Pushkar: A Hidden Gem in Rajasthan
India 07.11.2017 Annapurna Mellor
If you’ve previously heard of Pushkar, it’s most likely because of the famous Camel Fair, which takes place in the small town once a year. Every November, nomads and their herds of camels come into the town from the desert, take over the surrounding plains and create scenes which have been attracting tourists and inspiring photographers for years. While the camel fair is an amazing experience, Pushkar has something to offer all year round. The small town, placed between the popular Rajasthani towns of Jaipur and Jodhpur, is a highlight of Rajasthan, and I urge you to add it to your itinerary.
Visit the ghats at Pushkar Lake
While it has become known for its camel fair, Pushkar traditionally is a holy city - and one which attracts Pilgrims from all over India. The story goes that when Lord Shiva’s wife Sati died, he cried so many tears that he created two ponds, one of them being in Pushkar. This has meant that Pushkar has become one of the most important spiritual towns in India, and despite the small size of the town, and the general peacefulness of the place, you’ll always find Pilgrims down at the ghats, bathing in the water and visiting the Brahma Temples. If you are visiting Pushkar, be respectful of the bathers. Admire the colourful dress, and perhaps chat to some of the babas on the ghats surrounded by the beauty of the white painted town.
Climb up Snake Mountain
Rising up from the Pushkar Lake is ‘Nag Pahar’, which literally translates to ‘Snake Mountain’. The mountain rises up 510 metres from the desert plains around. It’s a steady climb to the top, where you’ll find a small temple and beautiful views of the town of Pushkar and the surrounding desert. The views are particularly beautiful at sunrise and sunset, and during the camel fair, where you can truly admire the scale of the festival below.
Take a camel safari through the desert
Camel Fair or not, there’s always the chance to see camels in Pushkar. Due to its location in the Thar Desert, the surrounding villages are home to nomadic tribes, many of whom still breed camels. You’ll find camel rides available every day from the plains near the foot of Nag Pahar, and they’ll walk you into the first soft sand dunes near the town. If you’ve never ridden a camel before, it’s a fantastic way to see the desert from a different perspective, and feel what it’s like for nomads travelling through the desert on camelback.
Shop for handicrafts
Pushkar has developed a reputation for being a bit of a hippie hangout. The chilled out atmosphere, beautiful surroundings and cheap accommodation have attracted backpackers from all over the world. With that, comes restaurants, souvenir shops and markets aimed at selling local handicrafts and produce to tourists. Located in Rajasthan, the products sold in Pushkar are beautiful and unique to the region, where some of the best handicrafts in India are made. You can find silver jewellery, embroidered bags and handmade instruments for sale up and down the streets of the colourful bazaar.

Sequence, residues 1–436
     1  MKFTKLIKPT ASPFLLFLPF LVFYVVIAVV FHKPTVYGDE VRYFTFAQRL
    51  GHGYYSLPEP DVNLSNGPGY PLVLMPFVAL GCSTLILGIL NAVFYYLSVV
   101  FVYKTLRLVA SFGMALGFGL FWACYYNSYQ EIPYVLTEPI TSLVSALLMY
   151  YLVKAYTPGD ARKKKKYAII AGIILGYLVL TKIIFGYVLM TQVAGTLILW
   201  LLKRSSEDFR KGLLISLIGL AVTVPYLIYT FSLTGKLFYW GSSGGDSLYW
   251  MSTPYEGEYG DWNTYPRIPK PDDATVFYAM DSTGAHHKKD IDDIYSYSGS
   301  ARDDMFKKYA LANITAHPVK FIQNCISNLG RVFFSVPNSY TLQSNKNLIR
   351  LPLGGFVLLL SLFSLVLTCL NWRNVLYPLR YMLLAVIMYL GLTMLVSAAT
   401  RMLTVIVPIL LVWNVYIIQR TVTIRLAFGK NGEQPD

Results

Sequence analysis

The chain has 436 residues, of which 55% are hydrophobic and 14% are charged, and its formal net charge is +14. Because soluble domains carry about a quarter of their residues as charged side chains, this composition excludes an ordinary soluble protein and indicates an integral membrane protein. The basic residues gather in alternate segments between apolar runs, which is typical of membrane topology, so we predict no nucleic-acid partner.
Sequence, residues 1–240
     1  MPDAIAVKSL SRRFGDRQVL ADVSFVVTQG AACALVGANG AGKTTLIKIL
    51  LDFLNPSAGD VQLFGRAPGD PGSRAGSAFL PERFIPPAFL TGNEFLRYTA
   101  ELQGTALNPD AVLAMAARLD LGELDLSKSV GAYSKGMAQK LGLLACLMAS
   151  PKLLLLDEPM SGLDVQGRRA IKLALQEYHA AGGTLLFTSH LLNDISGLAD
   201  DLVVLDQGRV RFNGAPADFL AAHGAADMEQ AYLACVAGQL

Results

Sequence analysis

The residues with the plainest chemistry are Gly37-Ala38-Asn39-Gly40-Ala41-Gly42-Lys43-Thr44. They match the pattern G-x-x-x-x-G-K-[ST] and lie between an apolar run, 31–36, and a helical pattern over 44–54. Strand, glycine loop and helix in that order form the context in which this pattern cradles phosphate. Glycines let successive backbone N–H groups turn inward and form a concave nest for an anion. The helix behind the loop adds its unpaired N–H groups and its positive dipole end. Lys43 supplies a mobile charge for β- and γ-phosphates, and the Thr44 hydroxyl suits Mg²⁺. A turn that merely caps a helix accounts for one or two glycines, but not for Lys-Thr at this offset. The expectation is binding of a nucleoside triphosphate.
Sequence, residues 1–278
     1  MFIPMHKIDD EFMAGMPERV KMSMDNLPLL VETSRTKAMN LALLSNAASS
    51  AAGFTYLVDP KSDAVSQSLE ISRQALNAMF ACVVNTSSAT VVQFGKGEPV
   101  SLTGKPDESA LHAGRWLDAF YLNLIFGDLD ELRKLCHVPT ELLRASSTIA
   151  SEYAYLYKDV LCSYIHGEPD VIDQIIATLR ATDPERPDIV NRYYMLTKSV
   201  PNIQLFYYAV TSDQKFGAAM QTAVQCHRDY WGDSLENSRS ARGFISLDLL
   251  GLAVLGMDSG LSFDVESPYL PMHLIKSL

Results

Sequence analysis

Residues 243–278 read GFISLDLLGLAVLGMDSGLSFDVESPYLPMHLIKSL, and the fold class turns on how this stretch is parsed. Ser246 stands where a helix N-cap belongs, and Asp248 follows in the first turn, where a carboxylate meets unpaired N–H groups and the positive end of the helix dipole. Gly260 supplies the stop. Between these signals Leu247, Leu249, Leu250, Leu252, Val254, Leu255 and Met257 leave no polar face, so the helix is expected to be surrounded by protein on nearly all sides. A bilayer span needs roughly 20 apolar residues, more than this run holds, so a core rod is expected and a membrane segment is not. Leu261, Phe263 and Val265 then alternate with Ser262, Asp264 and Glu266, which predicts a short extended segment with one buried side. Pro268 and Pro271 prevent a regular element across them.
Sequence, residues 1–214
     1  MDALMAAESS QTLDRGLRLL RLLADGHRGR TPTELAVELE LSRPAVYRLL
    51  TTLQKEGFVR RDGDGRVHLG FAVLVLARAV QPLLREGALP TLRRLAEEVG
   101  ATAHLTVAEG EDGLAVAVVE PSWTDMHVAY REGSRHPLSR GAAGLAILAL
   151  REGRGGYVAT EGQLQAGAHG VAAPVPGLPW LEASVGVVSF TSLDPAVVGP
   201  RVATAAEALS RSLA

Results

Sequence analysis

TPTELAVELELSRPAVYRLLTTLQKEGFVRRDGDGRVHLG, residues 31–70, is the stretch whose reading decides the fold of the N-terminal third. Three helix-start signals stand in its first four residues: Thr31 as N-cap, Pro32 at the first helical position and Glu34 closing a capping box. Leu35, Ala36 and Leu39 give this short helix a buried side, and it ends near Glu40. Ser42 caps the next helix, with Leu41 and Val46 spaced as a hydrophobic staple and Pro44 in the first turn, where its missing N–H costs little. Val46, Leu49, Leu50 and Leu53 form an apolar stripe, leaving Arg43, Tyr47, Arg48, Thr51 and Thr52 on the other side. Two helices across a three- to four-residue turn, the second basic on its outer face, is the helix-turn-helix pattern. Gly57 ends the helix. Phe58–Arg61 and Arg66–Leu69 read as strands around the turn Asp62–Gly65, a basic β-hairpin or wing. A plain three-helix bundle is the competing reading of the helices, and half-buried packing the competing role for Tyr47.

Time your trip with the Pushkar Camel Fair
If you can make it to Pushkar during the annual Camel Fair, you’re in for a real treat! The dunes around the town fill with humped beasts and their nomadic owners who set up small camps around the dunes. There’s a programme of unique events; like moustache competitions, traditional dancing and shows from some of India’s biggest stars. But few things beat waking up early in the morning, heading down to the dunes and joining the camel herders and their families for an early morning chai. It’s a quintessential Rajasthani experience, and there are few places to experience it so effortlessly as during the Pushkar Camel Fair.
Take a hot air balloon ride over the dunes
Pushkar is perfectly placed surrounded by mountain and desert landscapes, and the best way to see it all and get a sense of scale of the surroundings is by riding a hot air balloon. Most set off early in the morning at sunrise, when the sky shines pink and you can spot the first pilgrims making their way down to the water.
Watch the evening aarti
Every evening at the ghats on the banks of the Pushkar Lake, an aarti takes place. An aarti is a Hindu ceremony of worship, and you’ll also find them in Holy cities like Varanasi and Rishikesh. In Pushkar, crowds of people will gather on the stairs of the ghats and sing chants as the priest makes offerings. Witnessing an aarti is a transformative experience, and one of the best ways to gain a better understanding of Hinduism while travelling in India.